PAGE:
No, no one told me you can do this, that you can just skip your period entirely. I almost cried for joy when she wrote me the prescription. So for the next couple of years, I went on the Pill (or Pills, the brand changed a few times). A combination estrogen and progestin pill that, once I got to the placebo week, I just tossed those pesky little pills away and could live my life period-free!
But no good deed goes unpunished. Unfortunately, the hormones in birth control pills do a number on my skin. Having good skin before I went on the Pill, I had shitty skin afterward. I broke out in cystic acne around my chin and cheeks. I looked like a 13-year-old boy in some pictures. I had to take the Pill at the same time every day, which was an absolute pain in the ass. Today, I’ve got anticonvulsants and antidepressants that I take twice a day at the same times like it’s no big deal, but when you’re in college and in the middle of hanging out with friends — or, even better, in the middle of having sex — it’s inconvenient.
I then switched to the Nuvaring, which would be practice for what was to come. The acne died down and it was great not having to have a daily reminder to take a pill. In fact, that was working up until October 2011, when I found out we’d be going to Northern Virginia for six months. I wouldn’t be able to easily refill my Ring prescription.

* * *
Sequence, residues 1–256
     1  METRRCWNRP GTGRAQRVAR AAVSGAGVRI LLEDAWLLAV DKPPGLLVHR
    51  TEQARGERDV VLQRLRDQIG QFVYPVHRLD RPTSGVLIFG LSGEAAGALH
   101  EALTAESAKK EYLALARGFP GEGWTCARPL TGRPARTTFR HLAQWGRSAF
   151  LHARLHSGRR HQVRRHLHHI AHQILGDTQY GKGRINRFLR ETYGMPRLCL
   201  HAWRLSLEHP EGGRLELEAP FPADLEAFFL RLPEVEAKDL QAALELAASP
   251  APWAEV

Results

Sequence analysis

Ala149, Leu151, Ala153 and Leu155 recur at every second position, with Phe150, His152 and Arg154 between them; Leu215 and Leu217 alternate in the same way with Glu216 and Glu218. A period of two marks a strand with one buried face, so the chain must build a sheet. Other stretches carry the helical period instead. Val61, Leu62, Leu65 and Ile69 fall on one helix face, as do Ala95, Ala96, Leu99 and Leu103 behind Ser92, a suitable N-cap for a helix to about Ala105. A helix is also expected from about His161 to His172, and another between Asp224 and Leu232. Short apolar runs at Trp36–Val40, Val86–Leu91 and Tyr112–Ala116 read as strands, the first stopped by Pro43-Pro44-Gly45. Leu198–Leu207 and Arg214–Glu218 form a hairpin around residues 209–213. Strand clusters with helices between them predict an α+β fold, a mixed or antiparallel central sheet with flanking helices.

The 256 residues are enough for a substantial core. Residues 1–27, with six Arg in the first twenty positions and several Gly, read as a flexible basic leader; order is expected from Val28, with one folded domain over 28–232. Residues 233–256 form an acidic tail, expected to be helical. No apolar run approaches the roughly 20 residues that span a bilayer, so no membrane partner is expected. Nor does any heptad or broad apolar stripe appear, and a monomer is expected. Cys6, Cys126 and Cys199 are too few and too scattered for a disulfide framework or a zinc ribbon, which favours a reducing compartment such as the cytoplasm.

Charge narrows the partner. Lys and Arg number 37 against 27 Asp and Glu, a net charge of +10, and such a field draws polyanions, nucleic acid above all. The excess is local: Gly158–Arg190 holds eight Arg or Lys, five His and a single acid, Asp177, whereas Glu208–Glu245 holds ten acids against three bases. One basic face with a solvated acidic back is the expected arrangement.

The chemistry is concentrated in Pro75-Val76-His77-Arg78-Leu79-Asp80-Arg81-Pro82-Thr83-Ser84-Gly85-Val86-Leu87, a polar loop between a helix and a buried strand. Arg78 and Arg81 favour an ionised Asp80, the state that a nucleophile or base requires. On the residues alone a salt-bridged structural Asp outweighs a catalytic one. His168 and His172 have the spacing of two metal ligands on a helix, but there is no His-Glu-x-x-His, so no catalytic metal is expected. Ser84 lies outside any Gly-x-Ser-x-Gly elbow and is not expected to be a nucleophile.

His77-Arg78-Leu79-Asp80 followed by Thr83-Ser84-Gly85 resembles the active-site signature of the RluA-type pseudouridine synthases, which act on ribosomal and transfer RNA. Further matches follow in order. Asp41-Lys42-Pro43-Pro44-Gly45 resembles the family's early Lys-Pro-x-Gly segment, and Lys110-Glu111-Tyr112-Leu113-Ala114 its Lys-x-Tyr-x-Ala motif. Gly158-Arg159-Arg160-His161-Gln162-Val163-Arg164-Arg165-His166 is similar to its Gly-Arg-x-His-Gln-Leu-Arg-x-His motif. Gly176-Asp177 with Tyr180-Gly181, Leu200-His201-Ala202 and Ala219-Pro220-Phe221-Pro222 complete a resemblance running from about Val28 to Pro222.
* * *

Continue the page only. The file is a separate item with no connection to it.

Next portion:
My gynecologist said, “Have you thought about an IUD?”
I said, “Well, I considered it. But don’t you only give those to women who’ve had babies?”
She replied, “I’ve put IUDs in women as young as 17.”
“Oh,” I asked, intrigued. “I’ve heard of Mirena. Could I possibly not have a period?”
“That’s possible in some women. Are you interested?”
I smiled slowly. “Only most of my life.”
Every person with a uterus reacts differently when they get an IUD inserted. The gynecologist who inserted my first Mirena was not gentle, even though I liked her as my health care provider. I think about it like inserting that tampon for the first time, only farther back and with more shurikens.
The process is like this: like a regular gynecological exam, you strip from the waist down. You put your feet into the stirrups and stare at the slender metal tools on the counter. There’s a model of a uterus with an IUD on the counter, you should probably look at that.
You’ll likely already have given a urine sample, so don’t worry about peeing on the gyno — who is actually an NP, by the way. When she walks into the room, she’s joined by another woman who is a student but wants to observe and asks your permission. You say yes because why the fuck not — invite the whole class to look up your vagina. Not every day they get to see a red one, you’ll bet. Your gyno walks the nursing student through the process so you are hearing everything in real time.